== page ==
In previous articles, I discussed the Legal Hold, the Subpoena or CID, the custodian Identification process and Chain of Custody.
Now we need to discuss a very important part of the collection process. In terms of best practices, any data collection should be handled very carefully to avoid changing the data in any way. However, the primary way to collect data is to use a team of forensic experts who will create “forensic images” or collect the data in a “forensically sound” way.
A forensic image is a bit-by-bit image of a particular hard drive. It can be a computer or a server hard drive. It basically means that they collect every tiny bit of data on the hard drive as it existed. The goal is to do a single collection and get everything we need for any future analysis.
It isn't always necessary to image an entire computer or server hard drive. Sometimes we will only need specific file directories that the custodian has pointed us to during their custodial interview. Still, the data is collected very carefully using forensic procedures.
The forensic team will use software like EnCase, FTK Imager or one of several other tools. The files we receive are called “evidence files” and they have file extensions similar to *.ad1, *.e01, *.ex01, *.l01 or *.lx01.
If you are working with a client that is trying to save money or time by letting their IT department perform the data collection and their IT contact is not familiar with forensic images for litigation matters, they may try to use software they already have on hand, like Ghost software, to create a computer image. Be sure to interject and let everyone know that a Ghost image is not the same thing as a forensic image. Fortunately, there are more and more corporations that have their own internal forensic teams to perform data collections.
When you receive the forensic data, be sure to also request a copy of the forensic team's tracking log. It will contain information about exactly what data was collected and from which custodians.
Interesting articles Amy.
I thought I might add a few comments.
There is a key distinction between collecting data for the purposes of eDiscovery and collecting data for a digital forensic investigation of some form.
In digital forensics you are looking at metadata and other information that relates to files that would not normally be visible to a user of the computer. You would also be looking at data that has been deleted, encrypted or perhaps intentionally hidden in some way. In order to do this the process of taking a ‘forensic image’ developed which as you describe involves taking every ‘bit’ of data from a storage device so nothing is missed. Unfortunately 99% of the data you collect is of no use. Unfortunately, with the massive increase in the size of hard disks it is becoming less practical to acquire a full ‘forensic image’ of disks and the advent of relatively cheap Network Attached Storage (NAS) devices makes the situation even worse. For instance, two years ago I undertook an investigation on a device that had 27TB of data.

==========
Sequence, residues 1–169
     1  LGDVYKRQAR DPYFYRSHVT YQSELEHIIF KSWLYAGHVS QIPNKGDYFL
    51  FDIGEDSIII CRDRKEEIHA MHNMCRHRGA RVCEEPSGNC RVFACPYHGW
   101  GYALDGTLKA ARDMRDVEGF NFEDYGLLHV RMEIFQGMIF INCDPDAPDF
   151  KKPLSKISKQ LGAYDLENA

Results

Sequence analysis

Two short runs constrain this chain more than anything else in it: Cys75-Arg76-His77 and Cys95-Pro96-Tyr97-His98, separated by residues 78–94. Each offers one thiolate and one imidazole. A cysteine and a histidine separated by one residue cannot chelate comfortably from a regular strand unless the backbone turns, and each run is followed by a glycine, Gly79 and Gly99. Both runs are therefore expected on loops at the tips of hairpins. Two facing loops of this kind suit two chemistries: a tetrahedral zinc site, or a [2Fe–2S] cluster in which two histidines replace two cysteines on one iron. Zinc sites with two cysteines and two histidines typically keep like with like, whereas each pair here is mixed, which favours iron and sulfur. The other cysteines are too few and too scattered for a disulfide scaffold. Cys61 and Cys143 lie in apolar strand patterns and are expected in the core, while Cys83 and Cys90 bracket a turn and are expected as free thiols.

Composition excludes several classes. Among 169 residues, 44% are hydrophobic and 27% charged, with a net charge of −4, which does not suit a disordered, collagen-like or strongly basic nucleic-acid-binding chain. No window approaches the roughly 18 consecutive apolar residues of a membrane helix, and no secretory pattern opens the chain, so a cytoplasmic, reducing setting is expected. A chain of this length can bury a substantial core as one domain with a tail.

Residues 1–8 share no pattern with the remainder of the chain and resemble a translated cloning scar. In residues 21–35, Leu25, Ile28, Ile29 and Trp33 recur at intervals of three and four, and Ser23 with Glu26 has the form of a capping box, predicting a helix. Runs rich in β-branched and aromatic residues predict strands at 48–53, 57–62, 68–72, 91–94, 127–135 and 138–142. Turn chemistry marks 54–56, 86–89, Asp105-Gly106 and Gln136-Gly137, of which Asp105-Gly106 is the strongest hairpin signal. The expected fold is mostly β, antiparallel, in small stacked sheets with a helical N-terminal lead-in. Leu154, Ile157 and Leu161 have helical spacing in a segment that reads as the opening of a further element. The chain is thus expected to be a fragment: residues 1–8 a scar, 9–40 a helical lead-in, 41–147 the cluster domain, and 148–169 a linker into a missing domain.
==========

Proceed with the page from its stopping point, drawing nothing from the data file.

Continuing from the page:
On a related point, the files created that form the ‘forensic image’ are in a special format that require specialist software to access. You mention *.E01 files and *.L01 files and their variants as “evidence files” but they are two different types of ‘container’. The E01 files consist of the entire bit-by-bit image of the source device, i.e. they contain deleted space, operating system files etc. On the other hand the L01 files are ‘logical’ containers whose contents have been selected from files that are visible to any user of the computer system but, and this is important, they do not contain a full image of the source device. Furthermore, an E01 file can be used to replicate the computer hard disk whereas an L01 is just a collection of files. The use of ‘logical containers’, i.e. a selection of the data, is becoming more common due to the increases in data volume I mentioned earlier and for some other technical reasons, for instance, you cannot easily ‘image’ a NAS device let alone data held on the Cloud.
In practice the process of e-Discovery is not normally concerned with deleted data, the contents of special operating system files or the majority of non-document files and therefore there is no need for a ‘forensic image’ as such. Instead the process tends to involve searching for particular documents and files that contain particular information, often using ‘keywords’, then collecting just those responsive documents and placing them in a form where they can be reviewed. The expense and time involved to create a ‘forensic image’ of all custodian machines would be prohibitive leading to a decision to selectively collect data from a limited number of custodians which then leads to a potential challenge of incomplete discovery.
The new approach to both eDiscovery and digital forensics is to use a tool that can search and collect data for both purposes. It can be run on an unlimited number of custodian machines at the same time and collect responsive files into a secure and encrypted container for eDiscovery purposes. It can also collect the majority of the operating system files and deleted files that would be used in a digital forensic investigation. This approach removes the limitations of data volume and also has the knock-on effect of reducing the amount of data that is fed into the review/analysis stages thereby reducing costs and the time it takes to deliver results.